Christian Horner: I agree, look they're racers, they're going to race and to sit here and say they're never going to touch each other again in the next eight races, I doubt Toto has that control over Lewis and we don't over Max. It's down to them in their car, racing for the biggest, you know, trophy in motor racing. There are eight races to go. Obviously, we want it to be a really competitive, clean run-in to the end of the season. Inevitably when the drivers are starting next to each other so often and they're racing at venues that are very, very tight, Max is a no-quarter kind of guy; Lewis has demonstrated that he doesn't want to give anything either and when you get two racers of that mentality, you get incidents. Monza was unfortunate. It was a dramatic-looking accident at slow speed. It was neither driver wanting to concede and the end result was what we saw.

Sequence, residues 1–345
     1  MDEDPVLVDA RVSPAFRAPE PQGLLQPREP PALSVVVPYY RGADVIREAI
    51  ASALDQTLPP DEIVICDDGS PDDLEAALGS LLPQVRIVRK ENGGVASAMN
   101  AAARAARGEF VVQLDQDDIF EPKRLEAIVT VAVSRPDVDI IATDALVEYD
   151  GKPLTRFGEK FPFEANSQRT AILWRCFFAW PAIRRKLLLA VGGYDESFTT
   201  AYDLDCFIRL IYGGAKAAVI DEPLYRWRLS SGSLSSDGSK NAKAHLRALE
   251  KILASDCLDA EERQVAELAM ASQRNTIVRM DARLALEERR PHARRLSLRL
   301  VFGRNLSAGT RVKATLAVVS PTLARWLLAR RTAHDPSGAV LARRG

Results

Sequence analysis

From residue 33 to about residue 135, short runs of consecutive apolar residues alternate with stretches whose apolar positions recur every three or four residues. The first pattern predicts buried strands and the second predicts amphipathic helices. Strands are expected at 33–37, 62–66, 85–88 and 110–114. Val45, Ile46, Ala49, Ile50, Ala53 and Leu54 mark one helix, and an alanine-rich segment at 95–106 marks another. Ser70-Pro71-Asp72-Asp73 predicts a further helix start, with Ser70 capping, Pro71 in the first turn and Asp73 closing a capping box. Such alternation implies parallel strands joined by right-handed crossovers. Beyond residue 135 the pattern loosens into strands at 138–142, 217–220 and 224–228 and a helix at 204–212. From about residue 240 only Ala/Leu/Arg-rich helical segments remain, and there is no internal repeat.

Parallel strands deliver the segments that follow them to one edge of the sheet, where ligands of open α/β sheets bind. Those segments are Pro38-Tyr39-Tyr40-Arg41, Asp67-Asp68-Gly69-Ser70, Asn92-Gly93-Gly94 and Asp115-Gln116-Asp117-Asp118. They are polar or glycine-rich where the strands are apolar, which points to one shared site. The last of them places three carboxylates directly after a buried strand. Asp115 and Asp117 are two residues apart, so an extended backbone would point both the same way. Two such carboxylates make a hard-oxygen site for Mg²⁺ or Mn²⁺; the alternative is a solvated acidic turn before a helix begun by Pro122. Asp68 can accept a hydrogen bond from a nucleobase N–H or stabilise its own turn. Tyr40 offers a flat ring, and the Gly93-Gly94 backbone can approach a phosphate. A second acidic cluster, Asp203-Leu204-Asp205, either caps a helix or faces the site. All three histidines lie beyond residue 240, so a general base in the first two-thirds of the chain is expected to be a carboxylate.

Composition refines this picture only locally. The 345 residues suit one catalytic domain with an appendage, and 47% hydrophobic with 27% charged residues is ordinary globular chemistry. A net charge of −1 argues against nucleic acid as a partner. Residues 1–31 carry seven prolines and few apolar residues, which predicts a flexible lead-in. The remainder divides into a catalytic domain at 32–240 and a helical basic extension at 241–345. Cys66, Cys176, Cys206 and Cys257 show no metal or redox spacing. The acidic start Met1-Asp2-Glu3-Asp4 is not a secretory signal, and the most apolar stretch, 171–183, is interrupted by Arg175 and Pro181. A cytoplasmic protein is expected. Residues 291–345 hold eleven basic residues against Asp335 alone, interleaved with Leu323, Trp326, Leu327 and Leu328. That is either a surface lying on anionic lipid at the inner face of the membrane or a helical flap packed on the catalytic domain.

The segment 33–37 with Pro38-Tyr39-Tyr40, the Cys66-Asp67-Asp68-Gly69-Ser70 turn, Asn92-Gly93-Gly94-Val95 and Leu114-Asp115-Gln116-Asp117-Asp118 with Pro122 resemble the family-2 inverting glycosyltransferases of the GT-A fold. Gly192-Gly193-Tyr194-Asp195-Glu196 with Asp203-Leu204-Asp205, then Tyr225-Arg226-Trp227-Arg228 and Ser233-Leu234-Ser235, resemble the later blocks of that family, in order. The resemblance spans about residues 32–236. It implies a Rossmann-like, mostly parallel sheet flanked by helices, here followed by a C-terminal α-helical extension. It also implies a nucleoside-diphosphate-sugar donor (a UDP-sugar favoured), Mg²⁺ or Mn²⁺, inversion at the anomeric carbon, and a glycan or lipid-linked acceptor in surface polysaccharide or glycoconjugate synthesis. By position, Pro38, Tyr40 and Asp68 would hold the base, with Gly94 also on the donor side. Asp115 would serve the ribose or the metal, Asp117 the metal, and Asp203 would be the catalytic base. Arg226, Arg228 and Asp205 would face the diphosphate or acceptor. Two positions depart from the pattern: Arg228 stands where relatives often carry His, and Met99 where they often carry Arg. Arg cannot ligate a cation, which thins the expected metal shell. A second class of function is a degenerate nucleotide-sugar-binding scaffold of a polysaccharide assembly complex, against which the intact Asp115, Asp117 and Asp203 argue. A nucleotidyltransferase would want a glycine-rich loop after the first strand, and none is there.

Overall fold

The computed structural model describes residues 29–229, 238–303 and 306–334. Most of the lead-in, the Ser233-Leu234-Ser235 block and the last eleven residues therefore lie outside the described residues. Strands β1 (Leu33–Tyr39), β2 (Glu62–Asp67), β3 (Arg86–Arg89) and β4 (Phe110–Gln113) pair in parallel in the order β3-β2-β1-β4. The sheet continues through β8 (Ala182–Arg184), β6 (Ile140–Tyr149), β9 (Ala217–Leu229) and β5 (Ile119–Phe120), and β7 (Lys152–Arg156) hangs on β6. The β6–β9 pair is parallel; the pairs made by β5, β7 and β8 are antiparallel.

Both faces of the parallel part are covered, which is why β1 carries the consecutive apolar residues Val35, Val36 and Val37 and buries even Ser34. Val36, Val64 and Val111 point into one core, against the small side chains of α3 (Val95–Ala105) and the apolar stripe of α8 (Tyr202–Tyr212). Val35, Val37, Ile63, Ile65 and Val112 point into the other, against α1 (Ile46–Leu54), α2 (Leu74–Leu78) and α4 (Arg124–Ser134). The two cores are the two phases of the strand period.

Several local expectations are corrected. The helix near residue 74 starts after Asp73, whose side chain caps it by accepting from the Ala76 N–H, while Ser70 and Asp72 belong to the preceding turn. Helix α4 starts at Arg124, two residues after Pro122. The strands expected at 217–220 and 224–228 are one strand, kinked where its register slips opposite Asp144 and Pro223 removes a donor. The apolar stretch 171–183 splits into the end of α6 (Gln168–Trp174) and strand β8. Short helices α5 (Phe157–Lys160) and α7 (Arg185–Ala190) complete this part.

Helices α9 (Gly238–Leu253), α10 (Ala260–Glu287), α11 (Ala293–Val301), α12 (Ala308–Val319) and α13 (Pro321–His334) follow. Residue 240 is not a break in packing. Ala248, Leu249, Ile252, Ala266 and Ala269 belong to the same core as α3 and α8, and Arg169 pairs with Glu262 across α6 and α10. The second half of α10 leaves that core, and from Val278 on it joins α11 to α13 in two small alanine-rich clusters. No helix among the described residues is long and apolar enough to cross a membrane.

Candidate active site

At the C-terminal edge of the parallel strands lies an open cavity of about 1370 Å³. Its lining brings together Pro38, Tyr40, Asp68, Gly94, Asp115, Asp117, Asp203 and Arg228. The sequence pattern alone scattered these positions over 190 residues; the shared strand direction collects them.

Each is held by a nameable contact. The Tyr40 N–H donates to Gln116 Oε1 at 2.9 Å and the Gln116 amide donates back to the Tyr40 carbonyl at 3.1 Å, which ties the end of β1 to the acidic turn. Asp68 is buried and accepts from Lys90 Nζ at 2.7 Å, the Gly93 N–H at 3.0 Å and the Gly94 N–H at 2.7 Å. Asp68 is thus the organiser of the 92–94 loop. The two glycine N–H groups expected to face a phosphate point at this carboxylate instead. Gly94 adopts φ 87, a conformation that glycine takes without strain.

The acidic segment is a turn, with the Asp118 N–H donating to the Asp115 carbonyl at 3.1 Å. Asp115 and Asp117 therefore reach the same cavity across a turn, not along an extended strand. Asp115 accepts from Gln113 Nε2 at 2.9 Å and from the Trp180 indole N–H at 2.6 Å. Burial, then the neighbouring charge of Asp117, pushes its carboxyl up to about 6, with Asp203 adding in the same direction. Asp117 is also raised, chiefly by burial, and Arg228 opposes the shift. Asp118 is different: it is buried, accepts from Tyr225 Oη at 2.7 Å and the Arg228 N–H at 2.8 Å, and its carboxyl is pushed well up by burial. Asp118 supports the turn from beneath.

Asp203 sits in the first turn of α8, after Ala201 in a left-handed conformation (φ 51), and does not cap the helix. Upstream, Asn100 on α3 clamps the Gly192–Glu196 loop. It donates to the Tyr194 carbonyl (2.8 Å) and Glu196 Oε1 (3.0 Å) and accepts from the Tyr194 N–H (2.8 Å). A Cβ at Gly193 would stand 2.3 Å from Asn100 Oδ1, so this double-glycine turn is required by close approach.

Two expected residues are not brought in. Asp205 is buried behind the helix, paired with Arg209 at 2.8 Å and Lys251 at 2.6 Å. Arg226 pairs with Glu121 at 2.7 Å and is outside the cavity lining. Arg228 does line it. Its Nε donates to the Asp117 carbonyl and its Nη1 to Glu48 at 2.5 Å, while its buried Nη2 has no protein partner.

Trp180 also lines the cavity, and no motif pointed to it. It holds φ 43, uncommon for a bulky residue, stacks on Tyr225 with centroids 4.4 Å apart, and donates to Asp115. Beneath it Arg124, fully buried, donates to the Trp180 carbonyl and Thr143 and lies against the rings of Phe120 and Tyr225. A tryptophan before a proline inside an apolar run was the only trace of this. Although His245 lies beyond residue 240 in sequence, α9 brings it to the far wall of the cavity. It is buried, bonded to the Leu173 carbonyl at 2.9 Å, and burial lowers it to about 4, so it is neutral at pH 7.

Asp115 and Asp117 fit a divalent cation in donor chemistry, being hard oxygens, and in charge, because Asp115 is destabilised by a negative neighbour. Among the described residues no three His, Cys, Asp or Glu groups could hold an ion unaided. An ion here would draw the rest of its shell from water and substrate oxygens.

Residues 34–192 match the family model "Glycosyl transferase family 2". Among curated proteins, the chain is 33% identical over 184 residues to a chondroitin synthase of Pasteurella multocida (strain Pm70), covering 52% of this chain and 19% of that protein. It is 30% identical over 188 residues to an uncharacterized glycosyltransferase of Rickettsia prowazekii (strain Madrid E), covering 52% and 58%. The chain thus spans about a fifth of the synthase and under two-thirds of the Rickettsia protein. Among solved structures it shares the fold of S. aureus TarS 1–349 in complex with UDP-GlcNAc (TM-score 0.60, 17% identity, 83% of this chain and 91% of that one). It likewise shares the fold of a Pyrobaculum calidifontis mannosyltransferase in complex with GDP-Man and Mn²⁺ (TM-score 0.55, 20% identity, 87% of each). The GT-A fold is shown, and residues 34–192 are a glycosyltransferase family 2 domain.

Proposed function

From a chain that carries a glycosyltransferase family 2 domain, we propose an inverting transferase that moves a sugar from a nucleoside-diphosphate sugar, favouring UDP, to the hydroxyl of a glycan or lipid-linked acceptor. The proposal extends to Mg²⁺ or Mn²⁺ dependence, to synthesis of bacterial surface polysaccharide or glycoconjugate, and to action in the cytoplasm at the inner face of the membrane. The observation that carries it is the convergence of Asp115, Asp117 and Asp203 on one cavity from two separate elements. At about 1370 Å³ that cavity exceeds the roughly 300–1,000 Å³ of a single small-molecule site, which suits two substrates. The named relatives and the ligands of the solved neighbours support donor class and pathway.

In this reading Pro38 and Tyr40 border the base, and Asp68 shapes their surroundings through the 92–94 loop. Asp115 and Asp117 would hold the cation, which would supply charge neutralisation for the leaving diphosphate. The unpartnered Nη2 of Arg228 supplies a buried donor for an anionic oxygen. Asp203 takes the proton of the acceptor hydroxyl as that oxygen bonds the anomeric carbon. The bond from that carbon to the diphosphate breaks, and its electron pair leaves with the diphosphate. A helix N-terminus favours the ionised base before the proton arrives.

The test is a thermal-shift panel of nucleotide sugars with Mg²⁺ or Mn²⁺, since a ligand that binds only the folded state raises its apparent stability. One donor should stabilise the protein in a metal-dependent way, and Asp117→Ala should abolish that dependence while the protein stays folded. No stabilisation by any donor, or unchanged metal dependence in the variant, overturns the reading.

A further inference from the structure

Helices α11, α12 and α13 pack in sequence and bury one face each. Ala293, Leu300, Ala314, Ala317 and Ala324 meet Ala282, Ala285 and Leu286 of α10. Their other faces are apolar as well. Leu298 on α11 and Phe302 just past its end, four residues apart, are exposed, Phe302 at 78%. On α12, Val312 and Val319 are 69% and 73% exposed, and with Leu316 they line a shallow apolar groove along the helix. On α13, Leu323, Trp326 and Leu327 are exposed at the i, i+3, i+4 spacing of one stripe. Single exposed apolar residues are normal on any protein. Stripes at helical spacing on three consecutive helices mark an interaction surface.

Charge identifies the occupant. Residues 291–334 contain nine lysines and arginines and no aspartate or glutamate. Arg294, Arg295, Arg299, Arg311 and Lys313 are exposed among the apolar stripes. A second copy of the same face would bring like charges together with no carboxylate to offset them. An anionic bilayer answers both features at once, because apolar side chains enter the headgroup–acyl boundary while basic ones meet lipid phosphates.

How do they avoid contact going forward?
CH: Well, we try to make sure he's ahead on the circuit, that's the easiest way. The reality is that neither of them should have been near each other. Unfortunately the pit-stop that we had conceded track time for Max, and Lewis should have been well-clear and then obviously the issue at his pit stop put the two of them pretty much alongside each other. The easiest way to avoid an incident is to be far enough up the road - but I've got a feeling they're going to be racing hard. It's been so tight between the two of them, the two teams have been separated by merely a tenth on average over the season to date and I think that's likely to continue over the last third of this championship.
So what is going to be the decisive factor in this championship battle? Is it going to be car or driver?
CH: It's going to be a combination of both, as always. So, it's going to be the driver, it's going to be the car, it's going to be reliability, it's going to be performance, it's going to be operation, it's going to be strategy, it's going to be development, it's going to be every aspect.
Christian, final one from me. Lewis spoke yesterday about the pressure of fighting for the world title. How well do you think Max is dealing with that?